Detroit Tigers’ AJ Hinch reflects on highs, lows of Astros tenure in return to Houston

Detroit Tigers manager AJ Hinch is back in Houston for the first time since he was dismissed by the Astros in the aftermath of a sign-stealing scandal that rocked baseball. If he was worried about how he will be received in his old stomping grounds, he hid it well during a pregame videoconference on Monday, but that doesn’t mean he didn’t anticipate some strong feelings.

“I do have to focus on the good things that happened here,” Hinch said before his new club opened a three-game series at Minute Maid Park. “I have a lot of fond memories, incredible interactions with fans and throughout the organization. Some really great times and ultimately a really low time. I kind of embrace all parts of that in my journey through this.

“I think it will be emotional for me. I wish I had a great quote for the words or the right thing to say about what I’m feeling. I know Jose (Altuve) described it as weird, and it’s different, coming to the visiting side as the ex-manager is a lot different. I think emotions will kind of be on full tilt tonight.”

Hinch was given a standing ovation during pregame introductions Monday, as a slideshow tribute played on the Minute Maid Park video board. The tribute concluded with a slide that read “Thank you AJ,” at which point Hinch came onto the field and removed his hat to acknowledge the crowd.

Much has changed on the Houston baseball front since Hinch piloted the Astros to the 2017 World Series title, beginning with the somewhat amazing fact that only five players remain from the championship team: infielders Jose Altuve, Carlos Correa, Alex Bregman and Yuli Gurriel, along with starting pitcher Lance McCullers Jr. For all the accomplishments of that title team, Hinch says that he has mixed feelings about its legacy.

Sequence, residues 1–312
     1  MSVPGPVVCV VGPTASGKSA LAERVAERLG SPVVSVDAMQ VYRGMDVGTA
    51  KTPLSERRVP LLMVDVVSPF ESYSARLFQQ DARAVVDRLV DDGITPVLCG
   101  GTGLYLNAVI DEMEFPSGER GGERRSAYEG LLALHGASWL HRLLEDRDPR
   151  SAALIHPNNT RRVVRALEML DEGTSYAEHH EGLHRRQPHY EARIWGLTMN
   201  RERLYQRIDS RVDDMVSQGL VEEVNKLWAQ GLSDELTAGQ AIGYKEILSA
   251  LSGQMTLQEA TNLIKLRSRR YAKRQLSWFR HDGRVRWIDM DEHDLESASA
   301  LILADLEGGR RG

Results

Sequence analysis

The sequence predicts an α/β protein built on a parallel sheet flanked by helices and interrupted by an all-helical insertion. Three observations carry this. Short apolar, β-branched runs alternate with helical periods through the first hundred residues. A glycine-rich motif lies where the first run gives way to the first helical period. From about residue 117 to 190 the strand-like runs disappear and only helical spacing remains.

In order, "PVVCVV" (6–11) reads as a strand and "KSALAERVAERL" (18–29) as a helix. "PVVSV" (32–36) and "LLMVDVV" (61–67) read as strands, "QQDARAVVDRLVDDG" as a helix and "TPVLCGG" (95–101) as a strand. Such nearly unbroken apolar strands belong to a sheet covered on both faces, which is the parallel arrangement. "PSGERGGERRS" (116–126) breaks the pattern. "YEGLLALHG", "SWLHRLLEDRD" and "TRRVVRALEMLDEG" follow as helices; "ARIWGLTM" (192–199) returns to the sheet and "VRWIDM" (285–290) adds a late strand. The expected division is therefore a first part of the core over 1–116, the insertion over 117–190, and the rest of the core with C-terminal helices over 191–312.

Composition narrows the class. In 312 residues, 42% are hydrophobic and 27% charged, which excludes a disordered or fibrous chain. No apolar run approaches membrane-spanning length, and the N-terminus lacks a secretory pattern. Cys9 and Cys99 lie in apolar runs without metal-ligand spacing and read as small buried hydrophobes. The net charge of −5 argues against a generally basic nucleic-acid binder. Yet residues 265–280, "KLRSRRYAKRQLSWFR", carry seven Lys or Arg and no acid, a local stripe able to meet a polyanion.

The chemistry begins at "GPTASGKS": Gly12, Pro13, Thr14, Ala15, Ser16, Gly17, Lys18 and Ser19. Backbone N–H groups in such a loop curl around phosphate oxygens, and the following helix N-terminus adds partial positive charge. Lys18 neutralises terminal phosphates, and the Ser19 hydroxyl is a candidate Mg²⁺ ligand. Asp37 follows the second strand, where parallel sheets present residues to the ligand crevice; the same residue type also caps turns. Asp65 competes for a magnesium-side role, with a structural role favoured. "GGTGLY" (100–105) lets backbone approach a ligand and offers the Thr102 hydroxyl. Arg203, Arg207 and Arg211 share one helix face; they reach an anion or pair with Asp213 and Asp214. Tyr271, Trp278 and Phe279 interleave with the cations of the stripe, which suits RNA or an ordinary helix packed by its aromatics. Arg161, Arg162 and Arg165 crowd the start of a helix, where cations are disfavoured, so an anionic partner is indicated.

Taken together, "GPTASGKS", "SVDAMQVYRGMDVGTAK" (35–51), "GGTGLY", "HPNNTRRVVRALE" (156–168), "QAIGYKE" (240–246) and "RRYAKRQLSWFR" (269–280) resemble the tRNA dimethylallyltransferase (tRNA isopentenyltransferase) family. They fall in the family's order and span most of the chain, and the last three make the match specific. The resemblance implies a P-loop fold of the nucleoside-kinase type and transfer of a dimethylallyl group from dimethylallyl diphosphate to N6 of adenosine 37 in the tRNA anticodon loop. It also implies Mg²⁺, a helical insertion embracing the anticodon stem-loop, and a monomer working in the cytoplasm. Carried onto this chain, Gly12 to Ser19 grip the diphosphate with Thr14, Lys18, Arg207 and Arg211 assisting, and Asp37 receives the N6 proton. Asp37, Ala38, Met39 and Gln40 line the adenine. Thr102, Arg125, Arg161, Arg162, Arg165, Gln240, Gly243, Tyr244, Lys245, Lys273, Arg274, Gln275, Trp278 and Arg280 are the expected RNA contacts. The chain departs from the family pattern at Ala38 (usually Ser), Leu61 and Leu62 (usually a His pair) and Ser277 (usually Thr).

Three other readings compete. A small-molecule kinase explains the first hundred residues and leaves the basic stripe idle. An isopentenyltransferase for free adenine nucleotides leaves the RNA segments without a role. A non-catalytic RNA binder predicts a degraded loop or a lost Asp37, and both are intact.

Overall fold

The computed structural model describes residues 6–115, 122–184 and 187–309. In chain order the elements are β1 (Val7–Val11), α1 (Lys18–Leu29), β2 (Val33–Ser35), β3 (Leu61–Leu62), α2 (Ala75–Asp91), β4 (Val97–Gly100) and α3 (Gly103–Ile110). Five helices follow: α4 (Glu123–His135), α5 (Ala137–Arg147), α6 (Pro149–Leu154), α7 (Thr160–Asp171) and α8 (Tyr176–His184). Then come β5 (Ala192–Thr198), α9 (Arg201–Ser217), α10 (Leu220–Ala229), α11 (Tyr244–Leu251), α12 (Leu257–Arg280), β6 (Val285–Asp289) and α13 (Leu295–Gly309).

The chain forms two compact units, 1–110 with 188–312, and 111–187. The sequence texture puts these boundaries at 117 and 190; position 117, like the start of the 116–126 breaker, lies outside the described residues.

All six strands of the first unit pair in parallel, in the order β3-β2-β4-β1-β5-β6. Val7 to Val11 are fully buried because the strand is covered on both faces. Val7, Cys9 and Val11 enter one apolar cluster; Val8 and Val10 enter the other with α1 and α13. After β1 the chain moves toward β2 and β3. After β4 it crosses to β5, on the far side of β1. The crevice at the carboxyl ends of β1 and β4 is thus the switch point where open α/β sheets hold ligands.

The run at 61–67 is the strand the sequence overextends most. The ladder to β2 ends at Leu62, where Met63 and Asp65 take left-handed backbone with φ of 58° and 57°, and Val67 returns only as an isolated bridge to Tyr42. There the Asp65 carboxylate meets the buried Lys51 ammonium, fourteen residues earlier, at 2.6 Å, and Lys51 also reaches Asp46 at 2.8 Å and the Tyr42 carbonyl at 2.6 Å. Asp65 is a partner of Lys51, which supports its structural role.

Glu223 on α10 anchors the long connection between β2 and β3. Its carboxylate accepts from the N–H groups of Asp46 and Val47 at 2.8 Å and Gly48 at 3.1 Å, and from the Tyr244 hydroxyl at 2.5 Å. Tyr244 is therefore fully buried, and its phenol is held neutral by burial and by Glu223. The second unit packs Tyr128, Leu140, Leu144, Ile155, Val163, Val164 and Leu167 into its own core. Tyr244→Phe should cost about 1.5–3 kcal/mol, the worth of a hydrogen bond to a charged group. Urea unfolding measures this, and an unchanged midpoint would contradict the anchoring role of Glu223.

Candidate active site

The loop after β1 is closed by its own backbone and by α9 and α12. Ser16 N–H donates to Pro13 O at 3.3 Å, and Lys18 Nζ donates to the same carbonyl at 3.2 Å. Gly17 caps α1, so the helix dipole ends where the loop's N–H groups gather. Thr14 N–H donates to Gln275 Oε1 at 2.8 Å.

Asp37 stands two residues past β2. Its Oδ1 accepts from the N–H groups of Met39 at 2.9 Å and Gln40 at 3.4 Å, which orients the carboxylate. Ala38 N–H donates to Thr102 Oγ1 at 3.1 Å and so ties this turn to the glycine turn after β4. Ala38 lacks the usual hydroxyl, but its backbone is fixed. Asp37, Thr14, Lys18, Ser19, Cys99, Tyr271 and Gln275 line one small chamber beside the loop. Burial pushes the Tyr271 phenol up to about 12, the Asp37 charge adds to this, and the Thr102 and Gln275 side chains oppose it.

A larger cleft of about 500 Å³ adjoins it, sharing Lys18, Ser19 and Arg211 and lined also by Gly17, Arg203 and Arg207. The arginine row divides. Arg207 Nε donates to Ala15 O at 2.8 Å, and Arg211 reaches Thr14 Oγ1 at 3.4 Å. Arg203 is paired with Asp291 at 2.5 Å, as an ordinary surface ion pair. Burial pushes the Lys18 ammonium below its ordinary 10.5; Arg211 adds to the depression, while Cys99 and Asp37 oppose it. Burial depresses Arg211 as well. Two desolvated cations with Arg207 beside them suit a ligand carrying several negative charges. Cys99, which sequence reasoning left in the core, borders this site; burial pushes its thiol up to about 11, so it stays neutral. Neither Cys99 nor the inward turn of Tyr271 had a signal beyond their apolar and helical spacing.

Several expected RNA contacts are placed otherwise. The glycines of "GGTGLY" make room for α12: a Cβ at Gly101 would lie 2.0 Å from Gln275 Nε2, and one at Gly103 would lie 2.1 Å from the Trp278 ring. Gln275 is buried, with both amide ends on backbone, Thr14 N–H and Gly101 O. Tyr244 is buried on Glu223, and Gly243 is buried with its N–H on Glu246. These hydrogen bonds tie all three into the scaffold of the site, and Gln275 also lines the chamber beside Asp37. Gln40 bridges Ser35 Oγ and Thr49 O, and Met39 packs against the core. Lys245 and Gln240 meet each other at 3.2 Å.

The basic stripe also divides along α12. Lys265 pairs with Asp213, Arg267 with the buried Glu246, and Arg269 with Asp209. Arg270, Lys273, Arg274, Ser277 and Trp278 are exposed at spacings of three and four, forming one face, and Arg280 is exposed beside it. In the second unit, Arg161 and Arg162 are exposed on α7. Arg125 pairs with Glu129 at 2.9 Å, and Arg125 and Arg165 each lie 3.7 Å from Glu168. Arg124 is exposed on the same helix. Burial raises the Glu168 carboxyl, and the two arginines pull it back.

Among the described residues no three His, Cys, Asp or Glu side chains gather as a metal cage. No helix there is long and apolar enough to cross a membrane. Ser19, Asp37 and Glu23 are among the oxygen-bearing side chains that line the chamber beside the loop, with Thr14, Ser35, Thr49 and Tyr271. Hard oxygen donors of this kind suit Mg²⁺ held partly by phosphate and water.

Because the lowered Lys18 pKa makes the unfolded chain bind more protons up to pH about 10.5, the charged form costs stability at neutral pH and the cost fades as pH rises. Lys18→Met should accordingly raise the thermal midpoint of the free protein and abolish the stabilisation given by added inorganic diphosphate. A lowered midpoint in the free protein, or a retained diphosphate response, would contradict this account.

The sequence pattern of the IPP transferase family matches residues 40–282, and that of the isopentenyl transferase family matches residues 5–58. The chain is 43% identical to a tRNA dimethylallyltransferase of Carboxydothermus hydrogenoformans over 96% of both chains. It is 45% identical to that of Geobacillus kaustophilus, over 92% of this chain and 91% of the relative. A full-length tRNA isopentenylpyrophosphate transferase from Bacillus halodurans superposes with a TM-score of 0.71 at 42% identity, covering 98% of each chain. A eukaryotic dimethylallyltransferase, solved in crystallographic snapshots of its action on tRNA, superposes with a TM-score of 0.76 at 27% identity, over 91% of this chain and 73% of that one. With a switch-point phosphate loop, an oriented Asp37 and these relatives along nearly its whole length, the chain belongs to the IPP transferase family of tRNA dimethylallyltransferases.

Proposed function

“That’s difficult,” Hinh said. “And I have largely stayed quiet about all of that, because it’s very personal. I do believe that we did some good things in Houston. I do believe that we were wrong in the behavior and the decisions that we made in 2017. It’s hard to have that cloud over the sport and be responsible for that and be the manager, that it happened on my watch.

“My relationship with that time is very complicated, very personal. It’s something that I will continue to apologize (for), not only to the Houston fans, but to all the fans around baseball, and continue to repeat how wrong it was. For that, we’re going to have to live with that for the rest of our careers.”

Hinch managed the Astros from 2015 to 2019, during which he helped lead the organization from the throes of a rebuilding process led by his former boss, Jeff Luhnow. With Hinch at the helm, the Astros won that 2017 championship, added a pennant in 2019 and won a division title in 2018. Houston won at least 101 games in each of Hinch’s last three seasons, culminating with a franchise-record 107 wins in 2019.

After the 2019 season ended with a Game 7 home loss in the World Series against the Washington Nationals, the Hinch/Luhnow era came to an abrupt halt a few months later, when an MLB investigation determined that several members of the Astros organization engaged in an orchestrated program of swiping signs from opposing clubs during the championship run in 2017.